There is nothing like attempting to wade through the treacle of some dense academic text to make one look wistfully outside the library window and remember how nice it was to enjoy reading. This is not to say that I do not enjoy what I study, yet it is undoubtable that in some ways the saturation of reading that accompanies many (especially arts and humanities) students’ lives here can make it difficult to reclaim reading as a source of escape and care.
This is in part because the texts we tend to embrace for pleasure are sometimes as dense as the ones we seek to escape. No one has time after a day of reading Foucault to come back and get stuck into Tolstoy or the latest overly intense booker prize nominee. I have tried to read ‘good literature’ as a means of escape here on many occasions and found myself exhausted and turning all too easily to a marathon session of Gilmore Girls on Netflix.
In place of this I have often found at the most difficult times the place I go to for escape is not just to reading for pleasure, but in fact to familiar friends in the form of children’s literature. What is it exactly that makes these books such a comfort to me?
A big part of this for me is the illustrations. There seems to be an unwritten, and in my view entirely misguided, rule that only books for children are allowed to be illustrated. Yet the presence of pictures allows the eye, and the mind, to wander in and out of focus on the text without losing immersion in the narrative. They also tend to be short accessible narratives, free from a demand for commitment at a time when commitment is the last thing one seeks.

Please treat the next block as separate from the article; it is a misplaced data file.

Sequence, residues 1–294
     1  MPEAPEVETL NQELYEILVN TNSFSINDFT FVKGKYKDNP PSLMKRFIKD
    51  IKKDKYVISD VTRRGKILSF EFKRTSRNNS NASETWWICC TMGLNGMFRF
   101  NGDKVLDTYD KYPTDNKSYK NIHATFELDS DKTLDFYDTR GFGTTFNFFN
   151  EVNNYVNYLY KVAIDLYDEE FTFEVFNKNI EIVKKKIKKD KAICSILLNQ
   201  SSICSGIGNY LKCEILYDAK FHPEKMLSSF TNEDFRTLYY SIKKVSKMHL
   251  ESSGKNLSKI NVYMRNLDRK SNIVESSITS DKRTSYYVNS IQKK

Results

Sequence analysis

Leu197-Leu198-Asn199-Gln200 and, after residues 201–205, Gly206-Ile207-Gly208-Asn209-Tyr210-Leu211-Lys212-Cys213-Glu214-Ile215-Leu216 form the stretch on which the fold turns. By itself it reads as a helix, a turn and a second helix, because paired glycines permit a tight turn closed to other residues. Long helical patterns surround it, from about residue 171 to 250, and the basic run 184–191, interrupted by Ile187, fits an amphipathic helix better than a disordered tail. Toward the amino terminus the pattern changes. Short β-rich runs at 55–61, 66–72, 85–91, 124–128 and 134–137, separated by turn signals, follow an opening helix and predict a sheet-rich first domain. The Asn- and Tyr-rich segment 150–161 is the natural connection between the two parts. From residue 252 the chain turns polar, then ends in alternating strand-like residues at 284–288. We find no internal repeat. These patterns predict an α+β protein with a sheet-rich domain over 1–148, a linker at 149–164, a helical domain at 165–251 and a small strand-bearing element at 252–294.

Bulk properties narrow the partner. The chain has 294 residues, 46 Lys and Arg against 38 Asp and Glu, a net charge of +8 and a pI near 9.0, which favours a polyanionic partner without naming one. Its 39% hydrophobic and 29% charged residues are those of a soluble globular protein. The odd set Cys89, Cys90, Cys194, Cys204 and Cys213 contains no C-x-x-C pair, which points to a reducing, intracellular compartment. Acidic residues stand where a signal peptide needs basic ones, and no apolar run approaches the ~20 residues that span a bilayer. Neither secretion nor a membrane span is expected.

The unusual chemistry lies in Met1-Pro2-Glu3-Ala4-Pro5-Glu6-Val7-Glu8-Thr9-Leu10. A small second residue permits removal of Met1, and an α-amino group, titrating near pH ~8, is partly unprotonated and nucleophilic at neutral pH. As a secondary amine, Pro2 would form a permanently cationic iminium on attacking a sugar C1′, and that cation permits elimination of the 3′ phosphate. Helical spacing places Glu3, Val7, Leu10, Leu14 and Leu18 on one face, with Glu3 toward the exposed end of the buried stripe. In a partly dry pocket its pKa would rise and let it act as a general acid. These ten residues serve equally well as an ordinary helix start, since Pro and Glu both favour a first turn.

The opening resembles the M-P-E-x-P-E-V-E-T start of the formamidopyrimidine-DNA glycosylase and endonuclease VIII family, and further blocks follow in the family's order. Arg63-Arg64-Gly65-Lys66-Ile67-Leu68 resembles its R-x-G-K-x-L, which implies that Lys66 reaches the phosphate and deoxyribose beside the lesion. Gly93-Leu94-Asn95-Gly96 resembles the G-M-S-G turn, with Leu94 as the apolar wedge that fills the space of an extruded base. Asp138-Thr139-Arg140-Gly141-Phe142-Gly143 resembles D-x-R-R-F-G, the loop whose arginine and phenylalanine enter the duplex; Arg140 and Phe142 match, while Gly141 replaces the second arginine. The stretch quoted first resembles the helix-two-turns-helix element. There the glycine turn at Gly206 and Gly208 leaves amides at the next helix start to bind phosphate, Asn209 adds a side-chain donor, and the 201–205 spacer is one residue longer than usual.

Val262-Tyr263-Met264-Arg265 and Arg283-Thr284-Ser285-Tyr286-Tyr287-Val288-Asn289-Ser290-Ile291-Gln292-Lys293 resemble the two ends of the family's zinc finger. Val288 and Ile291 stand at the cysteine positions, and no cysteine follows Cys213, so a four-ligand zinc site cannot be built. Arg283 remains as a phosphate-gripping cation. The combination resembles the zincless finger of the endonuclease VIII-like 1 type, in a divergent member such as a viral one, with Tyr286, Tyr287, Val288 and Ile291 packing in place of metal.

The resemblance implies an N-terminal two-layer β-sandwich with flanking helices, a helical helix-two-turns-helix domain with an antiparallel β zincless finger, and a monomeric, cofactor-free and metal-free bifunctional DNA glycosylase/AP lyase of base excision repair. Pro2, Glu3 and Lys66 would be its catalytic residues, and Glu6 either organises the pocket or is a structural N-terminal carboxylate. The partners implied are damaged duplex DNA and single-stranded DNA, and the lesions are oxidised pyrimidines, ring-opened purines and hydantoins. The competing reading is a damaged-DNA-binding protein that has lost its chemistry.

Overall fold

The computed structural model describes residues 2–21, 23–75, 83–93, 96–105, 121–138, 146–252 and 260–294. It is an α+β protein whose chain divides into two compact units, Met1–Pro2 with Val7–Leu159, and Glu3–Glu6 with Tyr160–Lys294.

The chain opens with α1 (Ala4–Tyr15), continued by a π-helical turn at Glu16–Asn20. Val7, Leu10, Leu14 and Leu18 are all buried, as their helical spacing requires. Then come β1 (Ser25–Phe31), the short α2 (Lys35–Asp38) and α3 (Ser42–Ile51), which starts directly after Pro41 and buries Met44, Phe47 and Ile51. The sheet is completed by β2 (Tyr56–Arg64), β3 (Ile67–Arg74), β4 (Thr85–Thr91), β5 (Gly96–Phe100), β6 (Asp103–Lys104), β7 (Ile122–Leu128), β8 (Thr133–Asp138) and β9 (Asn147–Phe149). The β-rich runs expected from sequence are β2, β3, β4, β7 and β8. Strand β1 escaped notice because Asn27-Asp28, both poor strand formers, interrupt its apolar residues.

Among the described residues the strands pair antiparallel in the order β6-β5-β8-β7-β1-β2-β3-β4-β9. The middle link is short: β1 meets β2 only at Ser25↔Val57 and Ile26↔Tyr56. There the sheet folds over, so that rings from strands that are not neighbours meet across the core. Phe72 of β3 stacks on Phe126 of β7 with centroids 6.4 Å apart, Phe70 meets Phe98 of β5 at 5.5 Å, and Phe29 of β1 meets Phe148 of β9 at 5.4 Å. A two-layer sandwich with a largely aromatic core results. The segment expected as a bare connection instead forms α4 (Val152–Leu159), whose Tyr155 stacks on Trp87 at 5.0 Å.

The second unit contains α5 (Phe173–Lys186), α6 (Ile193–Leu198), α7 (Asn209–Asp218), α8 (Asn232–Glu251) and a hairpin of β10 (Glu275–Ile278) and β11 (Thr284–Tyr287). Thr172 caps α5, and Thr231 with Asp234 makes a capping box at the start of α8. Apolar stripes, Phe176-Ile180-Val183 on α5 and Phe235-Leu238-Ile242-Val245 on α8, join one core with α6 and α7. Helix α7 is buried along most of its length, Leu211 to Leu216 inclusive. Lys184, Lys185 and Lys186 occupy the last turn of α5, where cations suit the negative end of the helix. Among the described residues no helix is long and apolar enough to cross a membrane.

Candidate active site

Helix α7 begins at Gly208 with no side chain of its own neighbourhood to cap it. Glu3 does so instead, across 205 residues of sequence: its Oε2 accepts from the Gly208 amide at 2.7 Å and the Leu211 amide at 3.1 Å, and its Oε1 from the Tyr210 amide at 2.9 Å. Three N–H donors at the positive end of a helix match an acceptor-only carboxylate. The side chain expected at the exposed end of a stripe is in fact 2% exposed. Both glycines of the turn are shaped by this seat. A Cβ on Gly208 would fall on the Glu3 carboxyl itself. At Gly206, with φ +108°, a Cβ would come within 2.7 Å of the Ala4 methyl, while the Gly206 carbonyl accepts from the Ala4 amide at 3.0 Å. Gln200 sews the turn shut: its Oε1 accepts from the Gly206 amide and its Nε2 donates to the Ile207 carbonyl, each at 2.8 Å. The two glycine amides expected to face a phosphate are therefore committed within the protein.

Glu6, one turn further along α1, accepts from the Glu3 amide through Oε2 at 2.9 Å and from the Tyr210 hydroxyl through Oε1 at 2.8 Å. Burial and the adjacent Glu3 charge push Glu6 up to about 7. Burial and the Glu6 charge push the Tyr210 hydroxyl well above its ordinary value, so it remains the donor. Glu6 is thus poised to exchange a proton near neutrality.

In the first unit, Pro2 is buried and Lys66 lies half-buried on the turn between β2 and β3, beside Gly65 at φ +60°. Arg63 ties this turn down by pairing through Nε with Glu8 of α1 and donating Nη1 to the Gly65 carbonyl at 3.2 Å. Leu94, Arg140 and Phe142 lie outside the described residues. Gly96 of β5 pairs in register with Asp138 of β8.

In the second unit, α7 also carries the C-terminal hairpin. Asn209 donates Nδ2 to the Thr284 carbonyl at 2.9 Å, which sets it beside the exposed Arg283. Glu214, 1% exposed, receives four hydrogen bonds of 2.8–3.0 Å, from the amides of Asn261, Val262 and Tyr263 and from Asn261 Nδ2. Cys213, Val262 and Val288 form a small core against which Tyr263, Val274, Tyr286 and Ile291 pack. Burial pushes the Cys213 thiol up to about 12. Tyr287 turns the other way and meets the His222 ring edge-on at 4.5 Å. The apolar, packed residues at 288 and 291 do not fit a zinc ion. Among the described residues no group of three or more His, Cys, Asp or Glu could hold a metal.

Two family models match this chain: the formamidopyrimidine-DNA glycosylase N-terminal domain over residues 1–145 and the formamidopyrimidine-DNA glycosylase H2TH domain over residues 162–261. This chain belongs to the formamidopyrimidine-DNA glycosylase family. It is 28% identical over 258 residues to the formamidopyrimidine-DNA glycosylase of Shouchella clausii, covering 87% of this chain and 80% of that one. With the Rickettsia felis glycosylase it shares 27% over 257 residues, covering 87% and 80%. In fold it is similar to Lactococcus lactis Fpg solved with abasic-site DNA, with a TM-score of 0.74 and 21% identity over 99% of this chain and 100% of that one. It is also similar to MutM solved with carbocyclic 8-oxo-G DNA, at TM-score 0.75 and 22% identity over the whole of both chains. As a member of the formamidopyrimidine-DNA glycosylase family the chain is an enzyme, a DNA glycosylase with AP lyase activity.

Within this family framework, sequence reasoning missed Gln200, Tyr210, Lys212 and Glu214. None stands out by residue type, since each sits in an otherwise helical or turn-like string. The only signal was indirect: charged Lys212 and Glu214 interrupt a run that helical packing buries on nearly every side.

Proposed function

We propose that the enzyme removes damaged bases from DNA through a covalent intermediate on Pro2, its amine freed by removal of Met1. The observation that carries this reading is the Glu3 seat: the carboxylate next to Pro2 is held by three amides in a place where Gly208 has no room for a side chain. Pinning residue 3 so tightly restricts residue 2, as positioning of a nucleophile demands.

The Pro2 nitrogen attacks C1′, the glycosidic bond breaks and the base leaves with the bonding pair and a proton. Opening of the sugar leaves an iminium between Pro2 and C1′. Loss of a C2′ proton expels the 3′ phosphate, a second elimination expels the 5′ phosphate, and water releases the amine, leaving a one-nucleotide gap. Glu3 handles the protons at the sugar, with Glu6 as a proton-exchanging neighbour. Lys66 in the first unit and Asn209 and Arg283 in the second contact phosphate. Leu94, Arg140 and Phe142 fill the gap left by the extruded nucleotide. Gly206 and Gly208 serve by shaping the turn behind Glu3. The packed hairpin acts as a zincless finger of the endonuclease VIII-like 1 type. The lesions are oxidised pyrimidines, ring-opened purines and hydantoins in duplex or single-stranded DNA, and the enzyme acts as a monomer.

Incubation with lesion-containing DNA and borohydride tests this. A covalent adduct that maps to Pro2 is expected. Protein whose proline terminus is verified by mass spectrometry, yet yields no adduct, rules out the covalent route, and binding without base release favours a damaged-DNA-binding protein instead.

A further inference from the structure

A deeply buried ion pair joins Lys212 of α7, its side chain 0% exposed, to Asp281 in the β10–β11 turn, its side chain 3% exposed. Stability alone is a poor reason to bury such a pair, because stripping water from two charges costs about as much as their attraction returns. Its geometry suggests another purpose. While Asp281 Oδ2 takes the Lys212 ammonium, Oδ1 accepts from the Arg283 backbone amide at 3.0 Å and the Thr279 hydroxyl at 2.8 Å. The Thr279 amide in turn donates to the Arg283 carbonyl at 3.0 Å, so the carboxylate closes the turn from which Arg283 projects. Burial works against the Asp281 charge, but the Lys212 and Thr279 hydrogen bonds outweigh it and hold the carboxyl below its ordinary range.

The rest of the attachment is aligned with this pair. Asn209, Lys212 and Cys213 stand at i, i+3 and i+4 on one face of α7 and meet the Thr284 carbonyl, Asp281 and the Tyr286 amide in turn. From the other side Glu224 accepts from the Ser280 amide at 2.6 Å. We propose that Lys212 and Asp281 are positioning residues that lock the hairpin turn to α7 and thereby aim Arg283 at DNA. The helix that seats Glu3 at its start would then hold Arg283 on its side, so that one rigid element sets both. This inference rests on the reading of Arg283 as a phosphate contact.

My personal go-to is a beautiful edition of Tolkien’s The Hobbit illustrated by Allan Lee. The rich and colourful depictions of scenes that run through the book gave it an enduring magic during my childhood which I suspect will never wear off. Even to this day when I am having trouble sleeping, or I am anxious about something, this is the well-worn book that I always take off my shelf. I always find that spending an hour with it is an activity which leaves me feeling refreshed and relaxed.
While Netflix is a great escape, I (usually in vain) try to cut down on my screen time. Sometimes the attempts to do great reading during term time defeat us, and that is what drives us to easy mindless comfort on a laptop. I think this term I might try to beat the foolish feeling of opening a picture book and allow my bedtime reading to be childish, colourful and unproductive. Perhaps, although this may be step too far, we ought to encourage our libraries to stock a few nicely illustrated picture books alongside Hobbes and Econometrics.